Former lawyer says politics is 'calmer than yoga'
Few people would assert that politics is calmer than yoga but this is how Merlene Emerson describes her campaigning for the Lib Dems, Britain's centrist party.
"I stopped teaching yoga because I couldn't dedicate the time to it but I see politics like karma yoga, which is the yoga of action," she says.
Emerson was a banking lawyer with a big commercial law firm until she became involved in charitable and political work, for which she was awarded an MBE by Queen Elizabeth last year.
She co-founded the Chinese Liberal Democrats in 2006 to ensure a greater political representation of British Chinese and to encourage their involvement in politics. She is also one of the founding trustees of the Chinese Welfare Trust, which helps elderly Chinese living in London with housing needs.
Her political outspokenness comes after the self-described dutiful daughter studied law because "Chinese parents expect us to enter one of the professions. My sister is a doctor so I chose law," she says.
Both her parents have roots in Fujian province of China with their families eventually ending up in Singapore, where she was born. Her maiden name is Toh in the Hokkien dialect, or Du in Mandarin, and she may have an ancestral link to Du Fu, the eighth century poet. "I like to think we are descendants but we probably aren't!"
She recalls the strength of her Chinese upbringing and she loved the Chinese New Year celebrations. "Chinese culture is very strong overseas and maybe we hold on to it even more outside China. Parts of it get diluted with every generation but it's still important."
She moved to Britain when she was 18 to study at King's College, London and then took a Master of Laws at Cambridge University. "I was a child of the British Empire so it wasn't too much of a shock moving here," she says. She had also trained as a ballet dancer and she took up contemporary and jazz dance while in the UK.
Between 1992 and 1999, she, her husband, who is a management consultant, and their two sons moved back to Singapore where she was a partner in a medium-sized law firm. They returned to the UK when her eldest son was on track to attend St Paul's School, one of the top, fee-paying schools in the country.
"I then had something of a mid-life crisis," says Emerson, who is now 56.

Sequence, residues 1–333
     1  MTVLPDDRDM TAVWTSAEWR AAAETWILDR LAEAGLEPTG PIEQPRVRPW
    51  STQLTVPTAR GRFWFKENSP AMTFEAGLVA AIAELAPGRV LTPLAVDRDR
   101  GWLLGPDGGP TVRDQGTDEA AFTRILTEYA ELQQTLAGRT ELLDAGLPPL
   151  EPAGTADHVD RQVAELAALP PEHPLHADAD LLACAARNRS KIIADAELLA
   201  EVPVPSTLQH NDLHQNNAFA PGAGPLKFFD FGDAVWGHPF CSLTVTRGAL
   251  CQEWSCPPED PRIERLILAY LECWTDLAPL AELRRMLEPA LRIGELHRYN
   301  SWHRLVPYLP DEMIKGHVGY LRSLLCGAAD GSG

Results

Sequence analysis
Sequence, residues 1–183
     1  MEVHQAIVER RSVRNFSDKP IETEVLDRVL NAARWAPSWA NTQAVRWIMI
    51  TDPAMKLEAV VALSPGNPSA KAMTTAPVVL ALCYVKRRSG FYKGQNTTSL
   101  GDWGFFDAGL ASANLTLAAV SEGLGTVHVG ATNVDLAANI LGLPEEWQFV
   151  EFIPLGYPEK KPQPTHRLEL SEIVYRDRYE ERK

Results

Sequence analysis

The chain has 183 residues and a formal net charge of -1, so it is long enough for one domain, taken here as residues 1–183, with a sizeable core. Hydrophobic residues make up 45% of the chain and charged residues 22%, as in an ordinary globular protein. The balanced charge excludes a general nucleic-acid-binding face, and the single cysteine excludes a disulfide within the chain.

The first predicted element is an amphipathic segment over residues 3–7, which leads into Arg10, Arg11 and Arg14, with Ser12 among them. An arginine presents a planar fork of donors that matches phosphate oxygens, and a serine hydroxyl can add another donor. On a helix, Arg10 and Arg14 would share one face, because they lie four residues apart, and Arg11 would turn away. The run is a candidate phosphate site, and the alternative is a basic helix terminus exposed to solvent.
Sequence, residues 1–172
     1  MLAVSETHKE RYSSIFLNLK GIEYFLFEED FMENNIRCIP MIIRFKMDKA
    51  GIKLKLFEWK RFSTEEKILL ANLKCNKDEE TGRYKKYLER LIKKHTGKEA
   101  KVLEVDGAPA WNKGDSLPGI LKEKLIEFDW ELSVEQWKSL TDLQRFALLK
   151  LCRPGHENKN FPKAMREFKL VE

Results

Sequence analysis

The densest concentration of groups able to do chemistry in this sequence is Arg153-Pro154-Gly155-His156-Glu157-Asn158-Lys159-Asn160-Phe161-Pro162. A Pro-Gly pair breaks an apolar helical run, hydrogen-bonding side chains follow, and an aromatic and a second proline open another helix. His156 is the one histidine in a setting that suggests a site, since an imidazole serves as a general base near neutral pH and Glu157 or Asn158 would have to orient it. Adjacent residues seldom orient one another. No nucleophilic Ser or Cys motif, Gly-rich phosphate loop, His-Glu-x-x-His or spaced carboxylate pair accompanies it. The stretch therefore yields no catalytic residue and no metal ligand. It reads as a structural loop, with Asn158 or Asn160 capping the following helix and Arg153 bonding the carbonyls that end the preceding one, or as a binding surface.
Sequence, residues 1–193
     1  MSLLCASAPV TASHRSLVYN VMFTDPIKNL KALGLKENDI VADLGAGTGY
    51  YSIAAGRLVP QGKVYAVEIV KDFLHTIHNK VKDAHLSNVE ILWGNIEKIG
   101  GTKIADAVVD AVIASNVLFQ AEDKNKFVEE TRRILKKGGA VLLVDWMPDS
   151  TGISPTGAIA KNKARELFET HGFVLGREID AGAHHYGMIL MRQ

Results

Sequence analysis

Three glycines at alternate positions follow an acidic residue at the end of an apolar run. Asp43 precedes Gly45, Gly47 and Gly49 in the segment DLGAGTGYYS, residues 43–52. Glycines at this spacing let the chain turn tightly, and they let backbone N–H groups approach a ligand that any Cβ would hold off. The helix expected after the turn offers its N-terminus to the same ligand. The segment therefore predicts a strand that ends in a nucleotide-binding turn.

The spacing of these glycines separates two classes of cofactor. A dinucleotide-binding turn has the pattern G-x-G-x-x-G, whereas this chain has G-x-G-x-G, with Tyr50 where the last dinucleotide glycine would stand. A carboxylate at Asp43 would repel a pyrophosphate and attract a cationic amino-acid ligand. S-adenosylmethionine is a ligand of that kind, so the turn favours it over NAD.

"When I worked in the City, I used to feel so proud when I worked all night but I knew I didn't want to go back to that."
She trained as a commercial mediator as well as volunteering and specializing in working for several housing associations that serve among others Vietnamese refugees from the 1980s.
She joined the Lib Dems because she felt no affinity with either the Conservatives, which tends more toward free-market liberalism, or the Labour Party, which has roots in traditional working class politics.
"Politics can be very tribal and I didn't share the values or manifestos of the other parties," she says. "The Lib Dems are more in the middle, very moderate and more Chinese, in that they are not extreme."
She has stood for election to the London Assembly and as a Parliamentary candidate and she has her "eye on the prize" for the 2020 London elections.
"London is larger constituency because you get to serve very diverse communities," she says. "But 2020 is a long way away so every day I just carry on with what I do."
She is very proud of her work with the Chinese Liberal Democrats. "We look to inform the party of the needs and aspirations of British Chinese as well as translate the aims of the Libs Dems for the British Chinese," she says.
"We also work on improving China-UK relations, to improve understanding, and to facilitate growth and investment."
She tries to visit Singapore at least once a year and has been on several official delegations to China. "I like to see myself as a critical friend of China but every country has to find its own solutions," she says.